Right in the Middle of Nowhere

Anyone who thinks Dade Corners is just a gas station probably thinks the Everglades is just a little wet spot west of Miami

TONY

"Last week I sold $5000 of Budweiser, you believe that? We're like a -- what they call it? -- a premium account or something like that. Never mind the microbrew beer and all the other beer. We got our grocery aisle, we got our fishing aisle, we got our automotive aisle. We usually carry almost $300,000 worth of merchandise, you believe that? We got blocked ice, bagged ice -- nowhere else can you get blocked ice. And we bag our own ice. Probably do 100 bags a day." Tony Branciforte is walking fast and talking faster as he moves through the convenience store at Dade Corners, the gas station/deli/bait shop/restaurant complex at the intersection of Krome Avenue and Tamiami Trail in deep West Dade. "Aviation fuel," he continues, "100-octane racing fuel, $1.69 a gallon. Jose Canseco and his brothers used to come by and fill up their Corvettes with that stuff. Propane" -- Tony hasn't taken a breath -- "and we have diesel. We try to do a little bit of everything out here."

As he takes a measure of Dade Corners' stock he also mops up several gallons of water that have spilled out of a coffin-size beer-and-soda cooler, sorts out a dispute between a cashier and a patron over a twenty-dollar bill, fetches a bucket of shiners for a weekend fisherman, orchestrates the installation of an ATM, receives a delivery of bait ("Dade Corners is one of the great loci of the Dade matrix," asserts the bait man), and patiently answers a raft of customer questions, the same ones he's been answering for sixteen years: How far is Homestead? (Twenty miles.) Do you have a telephone? ('Round the side of the building.) Where's the bathroom? (Over in the corner.)

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Tony is Dade Corners' perpetually genial, preternaturally hyperactive manager/ maitre d'/ringmaster. His thinning hair is mussed up, his eyes puffy with fatigue. "Worms. We probably sell twelve to fourteen cases a week," he continues, then suddenly blurts: "Hey, man! How's it going, dude?" Tony has seen a customer he recognizes; he seems to know, at least by sight, about half the 1500-or-so patrons who pull into the place every day.

But there's really no time for small talk. Tony's off, hustling at top speed across the store, taking a detour past the bank of self-serve coffee and soda machines to pick up some scattered debris, finally coming to a stop at a glass case next to the cash registers. Radar detectors, CB radios, radar jammers, police scanners. "If I told you what I did in radios you'd say, 'No way, Tony!' Honest to God!" Then: "AQue pasa, Daddy-o?" Another customer. "To me it's like being in a honky-tonk," he chortles. "Like being in a country bar. Honest to God, I love it. It's kind of the end of the world."

Or the end of several worlds, all colliding. This is the last stop before plunging into the wilderness and the first stop coming out of it. It's the meeting of the rural South and the urban The quintessential crossroads, a buzzing confluence of cultures, South Florida's Timbuktu.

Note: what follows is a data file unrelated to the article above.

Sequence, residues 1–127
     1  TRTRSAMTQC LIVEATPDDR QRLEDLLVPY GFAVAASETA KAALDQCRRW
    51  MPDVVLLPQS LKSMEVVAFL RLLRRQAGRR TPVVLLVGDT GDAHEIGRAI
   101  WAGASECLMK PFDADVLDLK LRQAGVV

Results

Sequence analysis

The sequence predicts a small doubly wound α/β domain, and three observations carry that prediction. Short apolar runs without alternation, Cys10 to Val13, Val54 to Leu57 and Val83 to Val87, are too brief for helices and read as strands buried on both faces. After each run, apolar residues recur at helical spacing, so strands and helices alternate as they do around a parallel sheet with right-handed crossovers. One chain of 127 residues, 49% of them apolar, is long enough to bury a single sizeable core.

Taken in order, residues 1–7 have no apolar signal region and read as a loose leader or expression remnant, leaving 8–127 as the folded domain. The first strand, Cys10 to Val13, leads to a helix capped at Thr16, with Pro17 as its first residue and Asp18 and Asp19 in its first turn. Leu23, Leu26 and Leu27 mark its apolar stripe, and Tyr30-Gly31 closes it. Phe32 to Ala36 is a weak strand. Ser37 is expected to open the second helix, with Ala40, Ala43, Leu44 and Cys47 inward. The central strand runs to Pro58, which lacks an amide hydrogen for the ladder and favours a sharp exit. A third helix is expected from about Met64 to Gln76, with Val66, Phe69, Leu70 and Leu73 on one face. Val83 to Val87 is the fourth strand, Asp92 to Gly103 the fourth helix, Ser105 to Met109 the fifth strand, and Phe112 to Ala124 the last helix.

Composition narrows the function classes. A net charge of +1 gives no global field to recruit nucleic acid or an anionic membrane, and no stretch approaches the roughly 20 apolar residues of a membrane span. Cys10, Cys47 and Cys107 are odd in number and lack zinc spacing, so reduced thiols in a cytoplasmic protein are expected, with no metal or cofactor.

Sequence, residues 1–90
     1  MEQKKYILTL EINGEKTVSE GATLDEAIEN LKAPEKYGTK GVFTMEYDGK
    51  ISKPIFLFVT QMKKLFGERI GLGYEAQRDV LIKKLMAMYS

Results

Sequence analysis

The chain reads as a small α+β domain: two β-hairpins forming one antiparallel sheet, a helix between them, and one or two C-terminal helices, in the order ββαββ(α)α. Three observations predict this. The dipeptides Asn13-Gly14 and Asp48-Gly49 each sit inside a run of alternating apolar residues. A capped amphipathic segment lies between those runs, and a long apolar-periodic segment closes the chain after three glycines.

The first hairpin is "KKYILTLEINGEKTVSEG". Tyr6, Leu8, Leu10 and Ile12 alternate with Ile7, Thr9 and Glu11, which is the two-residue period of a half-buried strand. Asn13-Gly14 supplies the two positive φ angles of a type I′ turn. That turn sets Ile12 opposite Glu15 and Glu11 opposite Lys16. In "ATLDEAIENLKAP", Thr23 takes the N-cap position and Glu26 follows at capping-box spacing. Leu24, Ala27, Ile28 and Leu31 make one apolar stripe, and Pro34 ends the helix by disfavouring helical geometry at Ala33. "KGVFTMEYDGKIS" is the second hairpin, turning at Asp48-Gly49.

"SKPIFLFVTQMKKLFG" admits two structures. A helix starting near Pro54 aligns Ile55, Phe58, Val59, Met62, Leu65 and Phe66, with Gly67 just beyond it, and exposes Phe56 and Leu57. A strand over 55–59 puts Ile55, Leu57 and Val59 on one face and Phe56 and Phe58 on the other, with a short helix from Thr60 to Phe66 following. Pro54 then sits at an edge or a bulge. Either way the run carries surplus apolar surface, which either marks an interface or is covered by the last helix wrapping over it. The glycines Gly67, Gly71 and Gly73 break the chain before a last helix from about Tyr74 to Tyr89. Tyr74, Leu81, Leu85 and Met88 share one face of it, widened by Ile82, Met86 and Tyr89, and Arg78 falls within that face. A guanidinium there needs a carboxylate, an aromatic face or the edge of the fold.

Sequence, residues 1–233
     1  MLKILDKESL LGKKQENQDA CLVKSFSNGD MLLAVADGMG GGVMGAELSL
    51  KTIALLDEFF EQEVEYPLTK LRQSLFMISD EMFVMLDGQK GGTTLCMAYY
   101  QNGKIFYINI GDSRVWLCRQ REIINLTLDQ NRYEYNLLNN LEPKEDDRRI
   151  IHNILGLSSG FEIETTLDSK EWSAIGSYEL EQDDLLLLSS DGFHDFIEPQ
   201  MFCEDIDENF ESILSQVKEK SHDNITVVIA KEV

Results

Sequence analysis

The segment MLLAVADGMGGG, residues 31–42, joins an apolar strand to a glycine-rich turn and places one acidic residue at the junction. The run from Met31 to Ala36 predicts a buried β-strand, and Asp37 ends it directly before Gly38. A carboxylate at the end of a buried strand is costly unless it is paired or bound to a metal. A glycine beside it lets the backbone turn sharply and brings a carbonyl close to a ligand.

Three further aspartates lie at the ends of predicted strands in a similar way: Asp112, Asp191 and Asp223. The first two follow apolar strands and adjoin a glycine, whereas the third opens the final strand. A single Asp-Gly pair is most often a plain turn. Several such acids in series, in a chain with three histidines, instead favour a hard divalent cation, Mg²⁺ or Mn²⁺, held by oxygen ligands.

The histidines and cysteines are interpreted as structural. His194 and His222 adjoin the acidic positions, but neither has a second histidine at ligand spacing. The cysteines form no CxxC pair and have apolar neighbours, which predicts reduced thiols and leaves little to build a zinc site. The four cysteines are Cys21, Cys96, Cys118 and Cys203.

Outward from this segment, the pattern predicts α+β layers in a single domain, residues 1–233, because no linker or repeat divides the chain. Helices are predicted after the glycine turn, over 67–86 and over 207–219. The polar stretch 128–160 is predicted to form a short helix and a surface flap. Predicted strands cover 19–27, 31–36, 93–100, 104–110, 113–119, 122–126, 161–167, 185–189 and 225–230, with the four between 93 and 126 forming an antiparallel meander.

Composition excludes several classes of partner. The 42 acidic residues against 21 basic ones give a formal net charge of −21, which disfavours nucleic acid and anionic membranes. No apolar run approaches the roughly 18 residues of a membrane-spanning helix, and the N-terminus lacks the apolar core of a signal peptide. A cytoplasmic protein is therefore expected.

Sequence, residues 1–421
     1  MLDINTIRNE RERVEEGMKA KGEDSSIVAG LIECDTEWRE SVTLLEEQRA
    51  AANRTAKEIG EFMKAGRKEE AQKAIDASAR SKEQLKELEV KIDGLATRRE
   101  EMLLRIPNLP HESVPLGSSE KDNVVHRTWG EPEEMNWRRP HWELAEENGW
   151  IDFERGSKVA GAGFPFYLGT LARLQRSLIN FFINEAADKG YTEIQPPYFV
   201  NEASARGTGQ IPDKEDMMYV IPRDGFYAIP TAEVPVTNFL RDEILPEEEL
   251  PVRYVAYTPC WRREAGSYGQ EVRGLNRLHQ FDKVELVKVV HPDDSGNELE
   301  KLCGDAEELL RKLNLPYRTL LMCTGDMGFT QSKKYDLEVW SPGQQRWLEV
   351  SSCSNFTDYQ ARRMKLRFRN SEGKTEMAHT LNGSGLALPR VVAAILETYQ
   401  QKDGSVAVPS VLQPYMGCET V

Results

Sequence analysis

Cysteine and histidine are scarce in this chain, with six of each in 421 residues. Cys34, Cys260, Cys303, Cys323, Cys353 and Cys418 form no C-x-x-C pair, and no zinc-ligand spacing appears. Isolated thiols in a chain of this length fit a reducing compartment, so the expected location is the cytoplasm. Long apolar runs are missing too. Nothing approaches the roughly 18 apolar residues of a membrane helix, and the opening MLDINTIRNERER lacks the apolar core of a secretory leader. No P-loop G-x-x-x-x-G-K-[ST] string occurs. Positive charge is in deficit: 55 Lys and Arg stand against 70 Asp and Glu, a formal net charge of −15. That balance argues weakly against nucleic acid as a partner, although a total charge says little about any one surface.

"Friday night, Saturday morning it'll be full of drunk Indians," Tony continues. "It'll be full of airboats; it'll be full of dead animals. Even when the hunting traffic dies" -- between the end of turkey season in April and the beginning of archery season in September -- "we still got the fishermen. I'm a fisherman. Honest to God, I'm a fisherman. I go out and when I get back I feel like a million dollars. I don't know what it is but I feel like a million dollars. Hey, whatcha doin'?" Tony waves to a customer. "Hi ya! Haven't seen you in a while."

Photos of people posing with their catches of the day cover a bulletin board near the back room where the bait is kept. During the hunting season, the bass and snook become deer and wild pig. Classified ads are posted on another bulletin board: Someone is selling a flats fishing boat for $2000 but would be willing to trade for a small swamp buggy. There's a 150 Lycoming airboat for sale too. Also on the market: a Max II amphibious all-terrain vehicle with "large tires, gun racks, roll bar, compass, and electronic backtracker unit." And animals: emu chicks at $75 apiece, as well as an eleven-year-old pointer named Buddy and a two-year-old Lab mix named Rosie -- "Both dogs are great with people and like to hunt!"

Someone is looking for a particular CB antenna but can't find it on the shelves. Several times today Tony has apologized to customers for the absence of a particular item. Inventory is low, he points out, shelves uncustomarily understocked. The reason: Bob Dollar, whose family has owned Dade Corners since 1978, is preparing to sell the complex. At least that's the rumor that's been circulating among the staff and up and down the Trail for days. "We used to have a rack of canoes outside," Tony says, sounding wistful. "Sold 250 last year, if not more. The shelves are empty, you know. But we'll rebound, we'll get back. I could get it back up in no time!"

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